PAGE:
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A schoolgirl, a prime minister and an indigenous leader: Meet the Nobel Peace Prize favorites

Eraldo Peres/AP

Greta Thunberg, the 16-year-old climate activist, is widely considered by bookmakers to be the favorite to win the 100th Nobel Peace Prize.

If she succeeds, she will become its youngest ever recipient — a year younger than Malala Yousafzai was when she shared the award in 2014.

There are 301 candidates in the running for this year’s award — 223 individuals and 78 organizations — according to the Nobel Peace Prize website.

The names of nominators and nominees won’t be revealed for 50 years.

The teenage Swedish activist first grabbed the world’s attention in August 2018 by skipping school and standing outside the Swedish Parliament to seek a stronger response to climate change.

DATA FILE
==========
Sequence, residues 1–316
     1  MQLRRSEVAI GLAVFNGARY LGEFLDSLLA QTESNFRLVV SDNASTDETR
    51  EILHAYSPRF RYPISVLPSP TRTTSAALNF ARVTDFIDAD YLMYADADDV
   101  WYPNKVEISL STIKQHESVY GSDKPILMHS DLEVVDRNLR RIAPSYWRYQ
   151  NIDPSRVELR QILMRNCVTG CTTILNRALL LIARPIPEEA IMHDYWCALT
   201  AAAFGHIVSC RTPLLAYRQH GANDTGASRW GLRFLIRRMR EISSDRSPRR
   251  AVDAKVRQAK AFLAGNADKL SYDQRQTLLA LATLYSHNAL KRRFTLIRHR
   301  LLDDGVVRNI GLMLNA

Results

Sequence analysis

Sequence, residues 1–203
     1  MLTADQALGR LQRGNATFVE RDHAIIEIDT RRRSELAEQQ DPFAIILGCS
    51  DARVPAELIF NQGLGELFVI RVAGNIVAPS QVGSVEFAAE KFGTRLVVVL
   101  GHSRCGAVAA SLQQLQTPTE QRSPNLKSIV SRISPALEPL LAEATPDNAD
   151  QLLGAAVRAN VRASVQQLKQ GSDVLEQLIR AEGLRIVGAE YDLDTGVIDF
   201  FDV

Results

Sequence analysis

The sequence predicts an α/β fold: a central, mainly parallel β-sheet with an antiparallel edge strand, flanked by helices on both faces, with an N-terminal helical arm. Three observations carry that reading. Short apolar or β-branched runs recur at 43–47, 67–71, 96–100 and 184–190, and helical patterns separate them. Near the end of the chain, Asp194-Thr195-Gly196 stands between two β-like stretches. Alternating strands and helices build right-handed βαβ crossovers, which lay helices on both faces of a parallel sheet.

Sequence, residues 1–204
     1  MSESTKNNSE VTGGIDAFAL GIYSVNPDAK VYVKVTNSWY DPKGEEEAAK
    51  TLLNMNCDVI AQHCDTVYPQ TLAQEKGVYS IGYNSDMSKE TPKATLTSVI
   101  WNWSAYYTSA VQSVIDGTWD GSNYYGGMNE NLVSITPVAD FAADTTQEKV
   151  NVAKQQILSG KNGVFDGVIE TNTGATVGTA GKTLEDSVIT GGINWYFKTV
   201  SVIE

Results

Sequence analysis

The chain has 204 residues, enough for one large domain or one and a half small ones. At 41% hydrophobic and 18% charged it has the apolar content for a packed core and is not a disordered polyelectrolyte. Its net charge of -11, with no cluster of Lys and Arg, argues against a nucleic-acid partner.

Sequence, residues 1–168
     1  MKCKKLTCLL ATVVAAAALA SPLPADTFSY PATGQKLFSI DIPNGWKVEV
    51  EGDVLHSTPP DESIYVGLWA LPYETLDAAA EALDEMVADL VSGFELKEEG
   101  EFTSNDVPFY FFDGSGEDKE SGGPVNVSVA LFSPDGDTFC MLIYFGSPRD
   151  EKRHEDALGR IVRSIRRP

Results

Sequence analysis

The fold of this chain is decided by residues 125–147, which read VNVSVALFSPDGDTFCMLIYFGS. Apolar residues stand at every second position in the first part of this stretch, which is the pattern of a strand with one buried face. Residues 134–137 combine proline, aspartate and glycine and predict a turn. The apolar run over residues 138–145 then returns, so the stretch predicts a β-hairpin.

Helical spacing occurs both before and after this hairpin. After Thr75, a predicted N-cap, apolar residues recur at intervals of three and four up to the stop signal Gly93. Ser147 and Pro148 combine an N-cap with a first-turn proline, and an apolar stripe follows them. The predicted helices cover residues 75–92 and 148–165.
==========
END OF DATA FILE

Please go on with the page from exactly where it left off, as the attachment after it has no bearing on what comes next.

She is the bookies’ favorite to scoop the prize, with London-based betting company Coral putting her at 1/2 odds.

Another British bookmaker, William Hill, which put Thunberg at odds of 8/13, said Wednesday that 96% of Nobel Peace Prize bets had been placed on Thunberg.

William Hill spokesman Rupert Adams said punters were “convinced” Thunberg will win.

But the teenager faces competition from world leaders.

According to London-based online betting company Betfair, Abiy Ahmed, the Ethiopian Prime Minister who brought an end to his country’s conflict with Eritrea, is the second most likely candidate to win.

William Hill predicts that other contenders include Raoni Metuktire, the indigenous Brazilian leader and environmentalist who led a campaign to protect the Amazon, and Jacinda Ardern, the Prime Minister of New Zealand.

Among the 78 organizations, both Betfair and William Hill show Reporters Without Borders, which advocates for press freedom, and the United Nations Human Rights Council as outside bets.

The winner will be announced live from Oslo, Norway, at 11 a.m. local time (5 a.m. Eastern Time) on Friday.

Last year’s Nobel Peace Prize was awarded to former ISIS sex slave Nadia Murad and Congolese doctor Denis Mukwege “for their efforts to end the use of sexual violence as a weapon of war and armed conflict.”

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